Special Report: Frontline HCWs
Occupational HCV a 40-fold greater threat than HIV?
When national prevalence figures and the risk of transmission per exposure are factored in, hepatitis C virus (HCV) may represent a 40-fold greater threat to health care workers than HIV, a medical epidemiologist reported at the recent Frontline Health Care Workers conference in Washington, DC.
In the United States there are approximately four million people infected with HCV compared to one million with HIV, explained Robert Ball, MD, MPH, infectious disease consultant epidemiologist at the South Carolina Department of Health in Columbia.
Coupled with that quadruple prevalence is a 10-fold difference between the viruses in risk of transmission per needlestick exposure, he noted, citing a .3% risk of transmission for HIV and 3% for HCV.
"It is fair to say that the risk to health care workers per exposure of HCV relative to HIV is 40-fold greater," Ball told conference attendees. "I haven't seen that figure articulated quite in that way before, but it makes sense when you think about it, with four times the prevalence and 10 times the risk per positive exposure. This is something that might be a bit of an eye-opener to our risk managers and our CEOs."
HCV, an RNA virus, mutates almost as frequently as HIV, which means it will likely be quite a while before a vaccine is developed, he said.
"Its hypermutability enables it to foil our immune defenses," he said.
Once infected, about 70% to 85% of cases become chronic, and nearly all chronic cases persist lifelong, he noted. Current data suggest that the annual incidence in the United States is between 35,000 and 180,000 cases of acute HCV each year. Ball estimated that about 1.5% of all health care workers are infected, with about 2,000 contracting HCV annually. According to the Centers for Disease Control and Prevention, chronic HCV causes between 8,000 and 10,000 deaths annually and leads to about 1,000 liver transplants.
Interferon can effectively clear some HCV infections, but it carries the risk of devastating psychological side effects in some recipients, Ball explained. For example, he described a case study of a popular and outgoing housekeeper in her 40s who has become depressed and disabled following HCV infection and drug treatment. An improperly disposed needle stuck the health care worker when she picked up a trash bag in the emergency department of a South Carolina hospital in September 1996.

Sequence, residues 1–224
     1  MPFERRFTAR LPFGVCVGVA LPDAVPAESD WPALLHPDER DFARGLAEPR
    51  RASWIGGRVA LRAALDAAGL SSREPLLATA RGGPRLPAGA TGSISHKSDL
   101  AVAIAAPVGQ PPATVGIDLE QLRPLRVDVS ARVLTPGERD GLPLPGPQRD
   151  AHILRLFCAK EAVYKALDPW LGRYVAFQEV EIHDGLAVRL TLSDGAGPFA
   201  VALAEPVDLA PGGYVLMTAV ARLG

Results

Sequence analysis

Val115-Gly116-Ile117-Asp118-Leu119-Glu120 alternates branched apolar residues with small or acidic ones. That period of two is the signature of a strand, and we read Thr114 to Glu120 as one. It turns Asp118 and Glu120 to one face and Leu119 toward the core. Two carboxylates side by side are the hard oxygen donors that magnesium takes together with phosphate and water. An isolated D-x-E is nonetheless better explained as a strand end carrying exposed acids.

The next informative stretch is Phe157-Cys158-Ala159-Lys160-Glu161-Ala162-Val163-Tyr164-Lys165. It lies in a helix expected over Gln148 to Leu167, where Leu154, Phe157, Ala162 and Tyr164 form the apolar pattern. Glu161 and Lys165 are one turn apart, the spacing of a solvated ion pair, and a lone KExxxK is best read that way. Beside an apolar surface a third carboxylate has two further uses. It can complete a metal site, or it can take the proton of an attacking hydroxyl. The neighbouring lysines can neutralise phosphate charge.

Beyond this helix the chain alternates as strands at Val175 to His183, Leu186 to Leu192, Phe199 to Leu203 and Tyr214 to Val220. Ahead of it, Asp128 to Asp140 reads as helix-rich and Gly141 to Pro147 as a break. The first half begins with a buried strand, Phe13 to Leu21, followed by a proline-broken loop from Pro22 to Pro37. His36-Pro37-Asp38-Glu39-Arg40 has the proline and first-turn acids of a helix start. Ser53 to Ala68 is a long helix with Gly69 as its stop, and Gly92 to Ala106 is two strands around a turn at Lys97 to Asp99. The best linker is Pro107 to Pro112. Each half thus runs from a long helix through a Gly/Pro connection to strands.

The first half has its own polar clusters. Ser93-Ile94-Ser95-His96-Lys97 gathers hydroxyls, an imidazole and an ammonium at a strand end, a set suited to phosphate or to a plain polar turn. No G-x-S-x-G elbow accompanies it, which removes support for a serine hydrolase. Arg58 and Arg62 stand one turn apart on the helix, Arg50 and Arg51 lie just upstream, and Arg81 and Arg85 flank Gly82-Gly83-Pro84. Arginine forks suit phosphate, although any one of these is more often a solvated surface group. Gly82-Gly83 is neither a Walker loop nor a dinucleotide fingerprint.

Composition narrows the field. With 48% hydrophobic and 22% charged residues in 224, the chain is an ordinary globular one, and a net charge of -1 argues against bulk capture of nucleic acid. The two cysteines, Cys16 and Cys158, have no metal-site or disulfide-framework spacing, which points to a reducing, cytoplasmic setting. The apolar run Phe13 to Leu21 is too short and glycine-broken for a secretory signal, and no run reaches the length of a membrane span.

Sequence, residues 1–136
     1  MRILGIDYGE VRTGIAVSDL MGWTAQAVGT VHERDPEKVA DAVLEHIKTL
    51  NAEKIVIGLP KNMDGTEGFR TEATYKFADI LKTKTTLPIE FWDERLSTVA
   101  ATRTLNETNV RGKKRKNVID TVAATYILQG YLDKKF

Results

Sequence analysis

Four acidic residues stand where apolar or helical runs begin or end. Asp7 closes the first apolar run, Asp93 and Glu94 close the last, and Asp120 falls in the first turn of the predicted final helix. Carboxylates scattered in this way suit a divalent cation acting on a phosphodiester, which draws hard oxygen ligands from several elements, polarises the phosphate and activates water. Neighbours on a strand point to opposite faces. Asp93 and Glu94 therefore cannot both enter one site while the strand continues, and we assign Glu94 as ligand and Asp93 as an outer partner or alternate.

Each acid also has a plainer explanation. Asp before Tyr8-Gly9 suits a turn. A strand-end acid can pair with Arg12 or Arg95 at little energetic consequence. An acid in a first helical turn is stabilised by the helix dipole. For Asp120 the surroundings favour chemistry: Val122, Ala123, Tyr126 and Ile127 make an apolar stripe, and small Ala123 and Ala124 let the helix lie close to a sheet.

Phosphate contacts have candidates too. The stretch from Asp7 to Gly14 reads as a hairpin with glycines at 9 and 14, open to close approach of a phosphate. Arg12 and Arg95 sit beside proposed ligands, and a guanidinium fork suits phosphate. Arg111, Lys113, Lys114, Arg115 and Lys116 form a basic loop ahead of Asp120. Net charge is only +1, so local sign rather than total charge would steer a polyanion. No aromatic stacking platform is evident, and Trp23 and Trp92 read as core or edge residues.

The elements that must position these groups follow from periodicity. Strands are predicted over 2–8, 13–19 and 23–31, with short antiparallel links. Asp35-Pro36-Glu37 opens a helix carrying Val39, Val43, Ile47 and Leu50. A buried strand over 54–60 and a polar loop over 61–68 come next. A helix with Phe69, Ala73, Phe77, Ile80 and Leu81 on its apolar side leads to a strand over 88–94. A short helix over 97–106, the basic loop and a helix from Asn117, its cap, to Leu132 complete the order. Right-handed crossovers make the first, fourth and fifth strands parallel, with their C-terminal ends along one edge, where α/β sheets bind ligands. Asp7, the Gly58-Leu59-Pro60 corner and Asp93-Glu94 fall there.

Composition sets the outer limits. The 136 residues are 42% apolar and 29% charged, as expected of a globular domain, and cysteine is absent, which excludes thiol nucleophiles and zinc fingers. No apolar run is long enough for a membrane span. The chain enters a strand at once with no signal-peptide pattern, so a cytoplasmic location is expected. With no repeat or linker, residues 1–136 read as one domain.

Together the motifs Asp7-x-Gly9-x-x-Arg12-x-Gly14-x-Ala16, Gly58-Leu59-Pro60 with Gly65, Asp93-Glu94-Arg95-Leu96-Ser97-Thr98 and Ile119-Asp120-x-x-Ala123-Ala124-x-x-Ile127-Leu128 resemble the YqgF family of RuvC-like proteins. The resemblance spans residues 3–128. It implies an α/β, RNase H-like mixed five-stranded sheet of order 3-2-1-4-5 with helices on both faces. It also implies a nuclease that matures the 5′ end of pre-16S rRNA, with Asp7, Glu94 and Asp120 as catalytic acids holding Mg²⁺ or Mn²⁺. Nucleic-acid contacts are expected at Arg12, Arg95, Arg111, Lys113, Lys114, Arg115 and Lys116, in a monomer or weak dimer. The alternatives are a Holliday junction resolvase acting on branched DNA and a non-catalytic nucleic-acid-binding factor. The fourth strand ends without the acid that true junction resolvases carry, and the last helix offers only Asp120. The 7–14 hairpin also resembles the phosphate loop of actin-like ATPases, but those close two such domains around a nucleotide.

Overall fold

"Unfortunately, she seroconverted with [HCV] positivity at about 13 weeks," Ball said.
After developing acute HCV infection, the worker took interferon for five months, and her liver function tests returned to the normal range.
"Unfortunately, probably due to the interferon, she has become severely depressed and is now on two antidepressants with psychiatric help, and is not working," he said. The National Institutes of Health estimates that about 15% of interferon recipients experience severe depression, said Ball, adding that underlying psychiatric problems are a contraindication for the drug. Complicating the case, the former housekeeper also has developed a post-traumatic stress disorder related to the injury, he added. Medical costs, lost wages, and disability have come to $161,000 in the nearly two years since the injury, he noted. Additional costs in the $600,000 range are anticipated if the worker remains disabled, and liver transplant costs also would have to be covered should the HCV recur and worsen, he noted.
"Unfortunately, there is this mindset that because there is no pre-exposure or postexposure prophylaxis [and] treatment is iffy at best - with protection against chronic disease in up to only half of the cases with interferon - then why test for it?" Ball asked. "I think we would all agree that baseline and follow-up testing upon an exposure incident is the proper course of management, even though we don't also have good postexposure treatment or interventions."
In that regard, a survey recently conducted by Ball and colleagues in South Carolina yielded some encouraging and somewhat surprising findings. Of the 46 hospitals that responded, 39 (85%) of the hospitals reported policies in place for baseline HCV testing of workers after blood exposures. In addition, 42 (91%) reported that HCV testing was done on source patients after an exposure to a health care worker.
"That number frankly surprised us," he said. "We expected to have a lower percentage."
[Editor's note: The Department of Health and Human Services has a 24-hour national toll-free hotline to help clinicians counsel and treat health care workers with job-related exposure to bloodborne diseases and infections, including hepatitis and HIV. The National Clinicians' Post-Exposure Prophylaxis Hotline (PEPline) number is (888) 448-4911. In addition, the CDC hepatitis branch has implemented a toll-free number to allow access to information on viral hepatitis: (888) 4HEPCDC. Health professionals and consumers also can obtain information on hepatitis C by calling the NIH's National Digestive Diseases Information Clearinghouse at (301) 654-3810, or by visiting its Web site at http://www.niddk.gov.]